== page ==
With existing technologies a fetus could be found to have the disease, and the parents would have the choice to abort. The O'Briens felt this was no option. They could not abort on a forecast of something they already had, a child with cystic fibrosis, but nor did they want to bring another CF child into the world. The timing of their dilemma was fortuitous. Scientists at London's Hammersmith Hospital had just begun an experimental study for pre-implantation diagnosis, a procedure which had been attempted unsuccessfully in the United States. Reports of the defeat were never published. So the British embryologists took to the task of fertilizing oocytes in vitro, screening pre-embryos for CF mutations, and implanting those that tested negative. No promises were made; only hope offered.
The timing had to be perfect for the eggs. First came the injections to stir ovulation. Then came the Tuesday morning harvest. The O'Briens arrived at Euston Station at 4 am and were at the hospital for egg retrieval by 6 am. Eleven eggs were removed from Michelle; six met fertilization the next day. From those they took the two best candidates, one "normal" and one "carrier," for Sunday re-implantation. Of the four other couples participating, the O'Briens were the only one whose in vitro fertilization attempt took. At twenty weeks they were informed there was nobody else left in the trial.
The doctors begged for amniocentesis. They had to know if their predictor was accurate, regardless of the procedure's risk of inducing a miscarriage. The O'Briens had retreated to the Midlands and were far enough from the lab to resist its entreaty. Science could wait the six months for satisfaction, they felt. Why take an additional risk when a detected mistake wouldn't push them to abort? "At nine weeks it's a baby," Paul reasoned, "not an egg with a view to maybe becoming a pregnancy."
Until the day Chloe was born, they never had any doubt that their child would be diseaseless. But the wait for her neonatal test was interminable. A blood sample was taken immediately and forwarded to the medical center. The results were supposed to return that afternoon, at 4 pm, then 6. Finally at 7:30 they were greeted by cork-popping nurses. A hospital leak sent the press aflurry. The scientists who performed the procedure learned of the blessed birth the next day, in the sensation-starved national dailies.
Debate flared in the papers and the O'Briens were pummeled with moral assaults. They met their attackers with absolute rage: "If they don't know, if they don't have a CF child of their own, how can they say whether its right or wrong? It's one thing to choose hair or eye color–it's another thing to choose to prevent suffering." They allowed one interview, with London's Daily Mail, at the request of the Hammersmith researchers. The £1,000 compensation covered their rail travel and lost work. "She was free," they say–the cost of her "production" absorbed by the research protocol. The results were published through the proper scholarly channels, eventually appearing in Science.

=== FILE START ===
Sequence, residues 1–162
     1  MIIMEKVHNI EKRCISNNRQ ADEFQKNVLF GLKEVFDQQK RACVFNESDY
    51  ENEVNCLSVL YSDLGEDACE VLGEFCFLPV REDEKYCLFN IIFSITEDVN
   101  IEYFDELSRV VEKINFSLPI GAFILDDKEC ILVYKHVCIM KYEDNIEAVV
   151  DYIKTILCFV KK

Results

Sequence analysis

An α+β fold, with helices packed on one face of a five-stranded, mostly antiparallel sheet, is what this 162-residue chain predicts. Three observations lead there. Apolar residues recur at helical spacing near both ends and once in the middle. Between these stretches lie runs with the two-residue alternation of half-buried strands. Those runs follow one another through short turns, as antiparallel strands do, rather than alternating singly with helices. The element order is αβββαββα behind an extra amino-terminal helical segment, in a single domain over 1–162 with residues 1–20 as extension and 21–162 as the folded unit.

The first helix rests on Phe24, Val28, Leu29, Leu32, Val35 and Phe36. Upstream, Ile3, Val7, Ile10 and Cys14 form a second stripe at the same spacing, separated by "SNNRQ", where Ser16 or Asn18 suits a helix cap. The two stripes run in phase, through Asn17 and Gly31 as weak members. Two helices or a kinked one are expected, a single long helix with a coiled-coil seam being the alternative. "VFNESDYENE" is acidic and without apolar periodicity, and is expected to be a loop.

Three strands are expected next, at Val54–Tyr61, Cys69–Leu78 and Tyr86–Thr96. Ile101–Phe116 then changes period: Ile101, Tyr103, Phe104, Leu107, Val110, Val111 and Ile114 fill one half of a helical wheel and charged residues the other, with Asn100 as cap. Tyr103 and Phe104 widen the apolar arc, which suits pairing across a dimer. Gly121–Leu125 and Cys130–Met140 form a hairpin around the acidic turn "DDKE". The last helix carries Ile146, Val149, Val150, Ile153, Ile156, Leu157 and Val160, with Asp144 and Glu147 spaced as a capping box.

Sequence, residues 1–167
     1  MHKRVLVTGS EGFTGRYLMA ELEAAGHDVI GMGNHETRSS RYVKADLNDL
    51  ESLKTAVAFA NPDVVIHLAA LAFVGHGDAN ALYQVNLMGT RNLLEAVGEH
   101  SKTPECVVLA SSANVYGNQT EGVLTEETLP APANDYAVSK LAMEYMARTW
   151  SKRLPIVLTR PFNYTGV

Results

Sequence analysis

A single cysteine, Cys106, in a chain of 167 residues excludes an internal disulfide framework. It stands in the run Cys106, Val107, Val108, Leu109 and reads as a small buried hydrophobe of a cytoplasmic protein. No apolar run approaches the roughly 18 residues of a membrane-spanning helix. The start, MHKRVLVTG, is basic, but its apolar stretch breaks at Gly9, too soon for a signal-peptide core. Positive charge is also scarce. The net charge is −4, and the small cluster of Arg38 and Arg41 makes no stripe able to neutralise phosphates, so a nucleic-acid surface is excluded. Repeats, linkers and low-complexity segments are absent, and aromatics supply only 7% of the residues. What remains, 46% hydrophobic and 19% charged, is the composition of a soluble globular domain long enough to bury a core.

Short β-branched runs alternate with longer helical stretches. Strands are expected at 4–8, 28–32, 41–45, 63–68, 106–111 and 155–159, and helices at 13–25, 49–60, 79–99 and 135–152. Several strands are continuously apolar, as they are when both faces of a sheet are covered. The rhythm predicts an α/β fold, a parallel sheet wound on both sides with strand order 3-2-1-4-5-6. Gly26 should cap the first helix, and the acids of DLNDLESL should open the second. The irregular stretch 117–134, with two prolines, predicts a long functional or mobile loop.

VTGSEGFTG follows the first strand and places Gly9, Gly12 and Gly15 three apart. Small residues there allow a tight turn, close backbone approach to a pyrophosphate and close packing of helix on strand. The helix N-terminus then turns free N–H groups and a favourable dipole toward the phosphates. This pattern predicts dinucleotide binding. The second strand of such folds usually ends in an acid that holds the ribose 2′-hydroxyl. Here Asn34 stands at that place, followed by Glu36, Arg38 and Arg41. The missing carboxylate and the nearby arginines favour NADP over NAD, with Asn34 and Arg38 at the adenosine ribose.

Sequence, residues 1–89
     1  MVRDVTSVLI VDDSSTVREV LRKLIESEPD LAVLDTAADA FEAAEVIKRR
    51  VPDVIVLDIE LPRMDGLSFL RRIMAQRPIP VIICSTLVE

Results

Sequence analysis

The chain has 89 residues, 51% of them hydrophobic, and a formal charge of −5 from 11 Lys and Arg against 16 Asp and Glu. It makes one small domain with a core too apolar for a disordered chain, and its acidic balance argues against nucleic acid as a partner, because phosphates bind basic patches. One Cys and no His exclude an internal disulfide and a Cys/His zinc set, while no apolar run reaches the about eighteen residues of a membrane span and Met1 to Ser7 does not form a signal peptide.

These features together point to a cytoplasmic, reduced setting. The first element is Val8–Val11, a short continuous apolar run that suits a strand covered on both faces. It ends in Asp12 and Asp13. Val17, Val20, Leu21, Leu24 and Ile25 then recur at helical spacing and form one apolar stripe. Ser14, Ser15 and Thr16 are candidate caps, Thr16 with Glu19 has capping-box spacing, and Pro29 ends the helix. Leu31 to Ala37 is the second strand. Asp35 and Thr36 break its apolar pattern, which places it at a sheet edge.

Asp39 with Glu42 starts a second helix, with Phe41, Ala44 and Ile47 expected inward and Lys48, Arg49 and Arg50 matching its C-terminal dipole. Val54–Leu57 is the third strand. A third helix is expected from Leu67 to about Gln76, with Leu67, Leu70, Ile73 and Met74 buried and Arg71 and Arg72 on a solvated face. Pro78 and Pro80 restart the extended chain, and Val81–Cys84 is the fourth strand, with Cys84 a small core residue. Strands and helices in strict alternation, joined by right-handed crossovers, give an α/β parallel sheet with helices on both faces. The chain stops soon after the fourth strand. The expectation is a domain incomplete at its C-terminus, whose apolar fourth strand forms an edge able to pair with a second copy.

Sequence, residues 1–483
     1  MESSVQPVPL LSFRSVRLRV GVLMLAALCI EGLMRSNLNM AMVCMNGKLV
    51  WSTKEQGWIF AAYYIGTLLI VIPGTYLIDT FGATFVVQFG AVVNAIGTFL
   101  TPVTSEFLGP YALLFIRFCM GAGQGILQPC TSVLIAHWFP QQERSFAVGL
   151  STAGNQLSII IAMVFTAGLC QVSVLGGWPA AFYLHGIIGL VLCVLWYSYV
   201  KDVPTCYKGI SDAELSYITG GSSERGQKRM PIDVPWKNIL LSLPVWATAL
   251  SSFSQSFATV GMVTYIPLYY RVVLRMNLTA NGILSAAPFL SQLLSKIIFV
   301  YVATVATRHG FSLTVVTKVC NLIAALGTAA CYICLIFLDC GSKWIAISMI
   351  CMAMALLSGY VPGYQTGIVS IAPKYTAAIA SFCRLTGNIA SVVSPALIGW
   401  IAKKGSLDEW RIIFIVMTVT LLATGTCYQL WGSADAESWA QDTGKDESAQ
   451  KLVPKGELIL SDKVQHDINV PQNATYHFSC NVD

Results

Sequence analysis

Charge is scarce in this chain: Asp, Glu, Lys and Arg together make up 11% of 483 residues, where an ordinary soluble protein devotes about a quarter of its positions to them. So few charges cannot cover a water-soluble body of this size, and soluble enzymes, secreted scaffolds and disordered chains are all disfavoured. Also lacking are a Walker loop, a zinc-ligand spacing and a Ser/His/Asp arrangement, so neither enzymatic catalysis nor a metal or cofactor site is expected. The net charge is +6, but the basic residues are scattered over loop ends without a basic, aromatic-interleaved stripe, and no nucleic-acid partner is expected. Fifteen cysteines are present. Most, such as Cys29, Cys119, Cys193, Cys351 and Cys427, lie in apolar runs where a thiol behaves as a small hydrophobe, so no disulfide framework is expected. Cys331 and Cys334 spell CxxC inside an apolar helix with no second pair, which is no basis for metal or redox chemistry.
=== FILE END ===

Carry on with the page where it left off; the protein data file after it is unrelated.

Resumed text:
Martin traipses in: "My tummy hurts." An instant later he pivots and runs outside. He has learned to endure the pain, sensing the loss if he tarries in living. As a reward for the pound, pound of the twice-daily physiotherapy, Martin always gets a peck on the lips from his persecutor-cum-caregiver. Michelle and Paul are very clear in their affections. "It's not like we couldn't love a kid with CF because we love Martin and he has CF. It was just if there was something we could do to prevent it we'd try." And they look forward to the day when they can explain the wonder to Chloe by spreading the clippings they've saved across the kitchen table. In the meantime, Paul hails his baby girl. "You're famous," he says, and muffles her giggle in a hug.
"I left my rosary beads," Elizabeth had announced, bounding back into the mortuary where Stephen's body lay in state. Her parents had turned back, wondering if they should retrieve them for the six-year old. But before they could even ask themselves the question they stood watching her approach the corpse again. Helen and David had expected their daughter to react with grief, fear, confusion; she was too young to be so comfortable with death. But she had surprised them.
Stephen was one of Helen's closest friends during their battles with cystic fibrosis. He holidayed with the family the previous year. And Elizabeth wanted to go and see, to view the body taken and relieved of disease. David hesitated about initiating his daughter into the waking rite, but Helen knew she would think something awful about death if she were cloistered. "He's just asleep, Daddy," Elizabeth had said. "I mean he only looks like he's asleep. He's not going to hurt me or anything."